Elaine Armstrong: If a building, like the former IGA site, goes unfilled, the City should engage in a dialogue with the owner to see what each party can do to quickly ensure there is a new renter. Some landlords choose to keep a property empty for months or years hoping for a deep-pocketed tenant. Creative market-driven solutions can be suggested and supported with City led marketing. For instance, Pop-Up retailers renting for a few months, or Space in the Raw (using the building for corporate meetings or parties), or different leasing agreements can keep the space occupied without a long-term commitment.

It is critical to the health of our community to have our businesses and storefronts filled and thriving by protecting and supporting the commerce we have now. Strategies should be explored to protect locally owned businesses against unfair competition from large corporate franchises, for example.

Making sure the city doesn’t spend so much money that it has to raise taxes should always be the goal. Some other cities have misled the public into supporting local improvement taxing districts while those tax hikes actually drove local businesses out of business.

Government needs to stick to the basics: clean, well maintained streets, great parks, and a safe environment. This creates a good business climate. The City can be efficient and fair in reviewing remodeling permits and should be careful to support all our local businesses equally. The City should not be in the business of determining winners and losers. Everyone should win.

Currently the City of Snoqualmie’s operating budget is heavily dependent on residential property taxes. What specific initiatives would you propose that might ease that dependence? 

Elaine Armstrong: The best response to this dilemma is for the City to work hard to live within its means. The City must find ways to reduce its budget from Cadillac services. It is important to treat the money of our residents with respect and make sure the City is giving excellent value. In addition, residents deserve absolute clarity about where the money is going and be given a choice about spending. If people are paying utility bills (water and sewer) that money should go for utility projects only.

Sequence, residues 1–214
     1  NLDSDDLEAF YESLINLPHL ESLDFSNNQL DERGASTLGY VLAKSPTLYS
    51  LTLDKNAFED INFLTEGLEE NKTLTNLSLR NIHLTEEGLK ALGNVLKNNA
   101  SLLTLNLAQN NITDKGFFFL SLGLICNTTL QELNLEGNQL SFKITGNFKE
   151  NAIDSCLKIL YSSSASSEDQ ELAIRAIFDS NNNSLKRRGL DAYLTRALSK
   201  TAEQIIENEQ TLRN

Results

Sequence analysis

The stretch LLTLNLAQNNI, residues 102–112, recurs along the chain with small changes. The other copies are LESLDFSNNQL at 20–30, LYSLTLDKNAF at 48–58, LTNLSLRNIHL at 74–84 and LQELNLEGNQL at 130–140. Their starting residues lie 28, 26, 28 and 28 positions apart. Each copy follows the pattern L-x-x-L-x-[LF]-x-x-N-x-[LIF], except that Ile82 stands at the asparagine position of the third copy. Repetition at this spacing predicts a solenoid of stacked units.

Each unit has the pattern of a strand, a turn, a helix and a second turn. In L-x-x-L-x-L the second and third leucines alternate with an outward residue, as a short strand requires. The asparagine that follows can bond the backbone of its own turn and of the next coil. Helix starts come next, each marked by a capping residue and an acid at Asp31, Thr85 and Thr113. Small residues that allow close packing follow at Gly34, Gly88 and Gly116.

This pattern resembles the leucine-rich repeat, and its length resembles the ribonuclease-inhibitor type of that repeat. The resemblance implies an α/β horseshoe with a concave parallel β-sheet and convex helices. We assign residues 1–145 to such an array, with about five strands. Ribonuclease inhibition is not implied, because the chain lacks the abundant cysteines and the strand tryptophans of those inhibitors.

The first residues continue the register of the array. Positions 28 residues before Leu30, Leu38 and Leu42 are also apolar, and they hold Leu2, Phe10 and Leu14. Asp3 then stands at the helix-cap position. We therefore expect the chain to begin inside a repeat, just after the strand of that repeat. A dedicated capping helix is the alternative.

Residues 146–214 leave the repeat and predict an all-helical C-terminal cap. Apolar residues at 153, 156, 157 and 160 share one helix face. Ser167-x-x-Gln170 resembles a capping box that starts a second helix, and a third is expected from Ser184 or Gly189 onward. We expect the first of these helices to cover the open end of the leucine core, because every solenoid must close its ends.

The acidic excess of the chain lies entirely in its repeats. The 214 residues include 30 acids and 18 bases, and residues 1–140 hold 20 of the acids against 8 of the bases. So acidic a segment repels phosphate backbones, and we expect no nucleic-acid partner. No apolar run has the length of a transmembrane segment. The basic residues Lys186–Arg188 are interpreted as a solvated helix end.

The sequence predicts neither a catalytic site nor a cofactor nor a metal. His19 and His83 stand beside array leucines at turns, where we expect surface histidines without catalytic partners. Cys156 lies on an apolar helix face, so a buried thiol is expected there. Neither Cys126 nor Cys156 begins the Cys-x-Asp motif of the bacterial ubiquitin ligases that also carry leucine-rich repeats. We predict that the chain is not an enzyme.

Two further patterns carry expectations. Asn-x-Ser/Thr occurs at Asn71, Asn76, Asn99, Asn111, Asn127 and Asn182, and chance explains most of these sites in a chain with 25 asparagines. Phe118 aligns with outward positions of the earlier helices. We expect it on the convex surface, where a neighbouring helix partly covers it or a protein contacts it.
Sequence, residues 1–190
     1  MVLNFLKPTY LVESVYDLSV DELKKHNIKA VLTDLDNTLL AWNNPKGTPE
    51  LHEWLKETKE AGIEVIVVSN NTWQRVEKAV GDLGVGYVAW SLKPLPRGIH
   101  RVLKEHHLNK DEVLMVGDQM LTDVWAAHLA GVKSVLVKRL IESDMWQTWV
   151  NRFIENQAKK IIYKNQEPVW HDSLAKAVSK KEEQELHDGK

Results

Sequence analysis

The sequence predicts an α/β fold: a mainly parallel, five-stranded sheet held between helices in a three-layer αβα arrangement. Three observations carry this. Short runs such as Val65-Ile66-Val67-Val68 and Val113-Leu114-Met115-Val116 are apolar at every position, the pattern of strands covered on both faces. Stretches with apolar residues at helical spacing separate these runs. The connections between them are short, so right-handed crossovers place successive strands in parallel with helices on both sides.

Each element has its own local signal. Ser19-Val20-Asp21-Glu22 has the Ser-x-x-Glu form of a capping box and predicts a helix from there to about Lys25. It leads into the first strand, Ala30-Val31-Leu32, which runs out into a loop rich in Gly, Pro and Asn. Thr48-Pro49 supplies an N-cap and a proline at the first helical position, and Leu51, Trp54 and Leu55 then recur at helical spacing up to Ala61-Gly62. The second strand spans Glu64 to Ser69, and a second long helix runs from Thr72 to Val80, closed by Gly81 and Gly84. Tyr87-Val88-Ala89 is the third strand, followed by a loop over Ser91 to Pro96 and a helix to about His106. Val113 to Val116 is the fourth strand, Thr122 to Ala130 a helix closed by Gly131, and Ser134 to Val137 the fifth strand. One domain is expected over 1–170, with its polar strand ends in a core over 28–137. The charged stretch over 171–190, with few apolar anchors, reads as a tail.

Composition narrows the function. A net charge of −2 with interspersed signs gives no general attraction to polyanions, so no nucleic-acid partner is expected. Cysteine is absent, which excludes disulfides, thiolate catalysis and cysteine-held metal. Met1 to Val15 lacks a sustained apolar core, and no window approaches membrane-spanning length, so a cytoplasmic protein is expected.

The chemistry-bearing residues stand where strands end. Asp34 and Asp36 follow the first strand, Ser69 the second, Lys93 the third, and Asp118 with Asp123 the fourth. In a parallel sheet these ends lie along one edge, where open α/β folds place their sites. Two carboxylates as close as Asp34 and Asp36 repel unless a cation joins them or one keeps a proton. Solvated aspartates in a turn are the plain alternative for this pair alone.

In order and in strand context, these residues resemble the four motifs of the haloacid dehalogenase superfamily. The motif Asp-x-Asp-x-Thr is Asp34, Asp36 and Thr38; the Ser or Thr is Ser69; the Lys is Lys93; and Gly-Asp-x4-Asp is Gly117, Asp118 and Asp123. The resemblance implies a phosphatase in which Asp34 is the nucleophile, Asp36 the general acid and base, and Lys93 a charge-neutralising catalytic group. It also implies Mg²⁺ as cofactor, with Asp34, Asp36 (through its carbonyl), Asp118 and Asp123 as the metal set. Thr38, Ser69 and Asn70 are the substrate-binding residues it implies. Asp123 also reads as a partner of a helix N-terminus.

If a city grows too fast, taxpayers will be hit with rising costs for schools,
transportation, and other services. According to a 2000 study by the Columbia Public Interest Policy Institute for Washington State, growth tends to increase tax rates, contrary to conventional wisdom. Areas with the faster development have the greatest tax increases. This means the City needs to moderate its growth and be very strategic about how it uses its capacity to absorb growth.

Finally, are developers paying their fair share to expand our infrastructure? I know they pay a lot but we are, too! Let’s make sure growth is not drowning the people of Snoqualmie as we struggle to have enough roads, utility services and schools.

Rigorous oversight aimed to create excellent value with every dollar by Council, along with the City’s ability to obtain grants and public moneys from outside Snoqualmie could easily allow us to live within our means and continue the great city we now have.

Katherine Ross: As a councilmember, I recognize the importance of diversifying our tax base and being less reliant on homeowners’ property taxes. Property taxes make up over 40% and sales taxes make up less than 20% of city revenues. There are opportunities to increase revenues through
tourism, retail, services and online shopping.

With over 2-million visitors to Snoqualmie annually, a city-wide tourism plan will identify ways to welcome tourists to our remarkable city, invite them to stay overnight and spend their money which will support our community. On average, overnight visitors spend five times more than daytime visitors.

Snoqualmie also needs to capture more of our residents’ spending dollars. Residents do most of their shopping in other cities. We have made progress towards increasing sales tax revenues with the addition of Safeway, Bartells, and the Hampton Inn. Future projects that will provide
additional sales tax revenues include expansion of the Salish Spa and Conference Center, Sigillo Cellars and the new Sno-King hockey rinks. Shop local programs such as Keep It Local Snoqualmie group and Sno-Valley Chamber’s “Shop the Valley First” programs will also help increase local sales revenues.

Snoqualmie also receives destination-based sales tax revenues from online purchases, and projections show this revenue is increasing. B&O taxes is another source of income, focusing on collection from companies located out of the area that provide goods and services to Snoqualmie will increase B&O tax revenues.

As a Councilmember and Finance & Administration committee member, I will ensure we develop and implement a city-wide tourism plan, increase B&O tax collections outside of the area, and work with established local shop local programs to attract more retail sales in order to decrease reliance on property taxes.

Elaine Armstrong (left) and Katherine Ross (right)

Comments

  1. WeWantAPool says

    Elaine says ” While I support a pool for the people of Snoqualmie…”, however she shoots down every option put forth by our local government and claims to want ” to look at other options”, however she has no actual other option to offer. Elaine is most definitely the “we will not get a pool” candidate. We have small children and want to get a pool into the community they can use before they grow up and leave for college. Of these 2 candidates, only Katherine Ross will be able to make this happen.

  2. The YMCA pool would be too small… my family would never use it. The region needs a good aquatic facility, and we will need to partner across the region to make that happen.